Political realignments ebb and flow and with them partisan notions of the true people. Rural, white, agricultural workers were once the hotbed of support for American socialism, with Socialist candidates routinely performing best in the Midwest and across the Plains states. Manufacturing workers without college degrees were likewise the powerhouse of labor unions and thereby a key Democratic constituency. Today, they are the core of the enemy’s coalition. Misguided by elites and retrograde bigotries, they are not the true people to be championed but the opposing force to be defeated so “the people” can flourish.
Libertarians have not always been immune to the allure of populism. In 1992, Murray Rothbard’s essay “Right‐Wing Populism: A Strategy for the Paleo Movement” advocated embracing social conservatives to form a political coalition typified by supporters of far‐right bombthrowers such as David Duke and Pat Buchanan. Libertarians, Rothbard wrote, should drop those positions at odds with this coalition. In a telling framing, he bemoans Duke’s loss in that year’s Louisiana gubernatorial election in spite of winning “55% of the white vote,” due to “massive outpouring of black voters” against the notorious Klansman. It doesn’t get much more pointed than that in dividing the true people from the excluded and discounted. Nor was this notion of herrenvolk democracy a new idea in Southern politics, with all the bloody history behind it.
Race aside, Rothbard theorized that by adopting tough‐on‐crime politics and eschewing opposition to laws against alleged degeneracies like pornography, homosexuality, and abortion (and in later iterations embracing hostility to immigration as well), libertarians could perhaps marshal right‐populist resentment against the welfare state and overseas wars. Those whose vision of the good life fell outside these boundaries should be discounted and not given any such special deference. Statist policies were to be accepted if they’re supported by the right people, as defined by an amorphous class‐based mood affiliation and a particular set of policy priorities.
Give Peace a Chance
All of these flavors of populism stand in contrast to the libertarian alternative: individualism, pluralism, and tolerance. Instead of personifying collectivist class abstractions, the libertarian starts from an individualist perspective. All persons as individual human beings have the same set of rights. These rights can be deduced as the consequences of individual autonomy, the basic universal fact of human nature. The role of government should be simply to protect those rights, letting voluntary choices flourish and produce a diversity of cultural and economic options. Such a system reduces social conflict instead of fueling it.
In the libertarian vision, there’s no need to pick and choose who counts as the real people, the proper class that should wield governing power. The cosmopolitan urbanite and the rural traditionalist are equally free to write their own fates. Just as importantly, not everyone has to be shoehorned into one camp or the other. An irreligious couple with little interest in having children may well prefer small town life, low taxes, and their personal gun collection. Devout conservative Christians can prefer the city life and its amenities if they want. Maybe these won’t be the majority preferences among those groups, but that’s fine, too.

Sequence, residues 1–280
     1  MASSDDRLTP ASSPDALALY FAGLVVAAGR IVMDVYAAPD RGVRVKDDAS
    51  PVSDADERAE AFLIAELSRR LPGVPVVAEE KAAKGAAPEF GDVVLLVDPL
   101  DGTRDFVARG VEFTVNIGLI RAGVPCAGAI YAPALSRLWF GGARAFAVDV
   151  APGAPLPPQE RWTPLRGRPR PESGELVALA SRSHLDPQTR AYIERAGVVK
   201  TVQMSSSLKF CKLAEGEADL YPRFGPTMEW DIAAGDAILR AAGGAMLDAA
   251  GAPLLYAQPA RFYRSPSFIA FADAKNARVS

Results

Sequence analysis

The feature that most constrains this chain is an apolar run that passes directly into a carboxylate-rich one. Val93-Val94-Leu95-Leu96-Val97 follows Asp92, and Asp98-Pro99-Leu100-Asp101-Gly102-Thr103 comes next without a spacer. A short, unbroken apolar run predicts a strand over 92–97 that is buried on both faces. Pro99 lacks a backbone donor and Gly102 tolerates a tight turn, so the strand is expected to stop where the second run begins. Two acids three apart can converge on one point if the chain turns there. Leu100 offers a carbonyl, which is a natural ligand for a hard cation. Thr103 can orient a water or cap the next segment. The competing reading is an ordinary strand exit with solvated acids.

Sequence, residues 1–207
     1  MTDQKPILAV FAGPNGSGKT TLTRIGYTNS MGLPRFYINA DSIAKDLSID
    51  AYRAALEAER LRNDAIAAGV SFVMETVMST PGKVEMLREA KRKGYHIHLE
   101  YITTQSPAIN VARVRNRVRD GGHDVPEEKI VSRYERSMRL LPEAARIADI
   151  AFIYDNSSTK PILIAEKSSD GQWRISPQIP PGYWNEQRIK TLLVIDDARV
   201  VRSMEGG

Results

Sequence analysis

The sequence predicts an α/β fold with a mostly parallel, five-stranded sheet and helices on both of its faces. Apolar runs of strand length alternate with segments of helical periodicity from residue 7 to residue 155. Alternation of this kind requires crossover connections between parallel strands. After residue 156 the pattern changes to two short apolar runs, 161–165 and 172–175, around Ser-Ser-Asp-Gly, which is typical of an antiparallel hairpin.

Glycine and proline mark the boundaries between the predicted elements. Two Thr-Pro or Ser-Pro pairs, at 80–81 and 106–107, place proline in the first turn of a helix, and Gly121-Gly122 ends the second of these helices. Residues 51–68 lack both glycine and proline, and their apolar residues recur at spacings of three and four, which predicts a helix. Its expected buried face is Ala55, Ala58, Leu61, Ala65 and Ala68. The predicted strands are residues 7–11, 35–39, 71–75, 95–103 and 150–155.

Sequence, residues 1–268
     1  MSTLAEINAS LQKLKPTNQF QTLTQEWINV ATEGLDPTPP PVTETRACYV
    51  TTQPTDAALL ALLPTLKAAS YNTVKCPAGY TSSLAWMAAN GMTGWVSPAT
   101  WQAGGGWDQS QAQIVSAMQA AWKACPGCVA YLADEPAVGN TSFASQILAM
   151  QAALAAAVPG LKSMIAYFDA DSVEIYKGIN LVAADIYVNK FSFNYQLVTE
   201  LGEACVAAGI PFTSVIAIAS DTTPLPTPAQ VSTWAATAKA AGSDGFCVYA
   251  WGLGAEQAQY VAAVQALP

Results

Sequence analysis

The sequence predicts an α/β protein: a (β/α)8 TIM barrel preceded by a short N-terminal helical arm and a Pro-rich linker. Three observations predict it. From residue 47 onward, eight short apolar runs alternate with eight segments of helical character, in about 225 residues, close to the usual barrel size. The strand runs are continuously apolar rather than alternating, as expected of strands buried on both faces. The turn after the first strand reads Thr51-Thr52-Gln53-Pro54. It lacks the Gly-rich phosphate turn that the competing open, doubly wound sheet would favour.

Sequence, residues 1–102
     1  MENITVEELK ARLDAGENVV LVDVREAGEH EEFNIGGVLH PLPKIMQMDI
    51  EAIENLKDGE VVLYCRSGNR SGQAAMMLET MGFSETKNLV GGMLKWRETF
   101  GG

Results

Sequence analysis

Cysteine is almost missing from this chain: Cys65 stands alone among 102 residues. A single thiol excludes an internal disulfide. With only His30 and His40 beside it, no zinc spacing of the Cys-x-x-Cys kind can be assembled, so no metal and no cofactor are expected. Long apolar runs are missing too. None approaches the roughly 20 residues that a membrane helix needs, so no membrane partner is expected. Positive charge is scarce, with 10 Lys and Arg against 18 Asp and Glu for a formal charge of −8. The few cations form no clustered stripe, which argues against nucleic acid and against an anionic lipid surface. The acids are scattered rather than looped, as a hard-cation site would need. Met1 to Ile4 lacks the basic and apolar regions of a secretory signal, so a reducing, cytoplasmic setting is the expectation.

These natural human differences need not metastasize into tribal trench warfare, but only if they are placed beyond the reach of government altogether. And for this, the most important limit on government is equal protection, the principle that the state should draw no distinctions of class among its citizens. Race, religion, gender, nationality, wealth, as well as cultural views, are irrelevant in the eyes of the law, which sees only persons and their equal claims to equal rights. That, and not any basket of subjective personal preferences or identities, is a narrow definition of the common good that can truly be common to all. Instead of winning the war for one camp or the other, we can all go our own ways without the threat of arbitrary power being wielded against any of us.
The divisiveness of populist politics can feel like it’s tearing a society apart, and that’s no accident. Divisiveness is inherent to this conflict‐centered framework for governing. It’s politics as perpetual warfare. And that same rule‐or‐be‐ruled zero‐sum game is the fuel of illiberal, authoritarian, statist policies. There’s ultimately no victor, no triumphal vindication of the true people over their millions of enemies. The promise of populism is a potent rallying cry but it never ultimately delivers on its promise. There’s always the enemy class to be beaten back, and if there aren’t sufficient enemies, it’s time to invent new ones. The boundaries of the real people can be redrawn at will, and there’s never a shortage of will.
The countervailing tendency towards libertarian pluralism, the liberal sensibility, might seem staid and boring in comparison. It can come across as tepid and moderate in temperament even while offering radical policy changes ranging from slashing taxes to liberalizing immigration. It offers no great men to rally around, no moral crusades to remake society, no narrative of eternal victory just within grasp, no bellicose rhetoric about who will conquer whom. What it offers instead is peace, a ceasefire and depoliticization of vast swathes of life. The antidote to divisive populism is that there’s no need to fight about who’s included in the people and who are the enemies of the people. We’re all just people.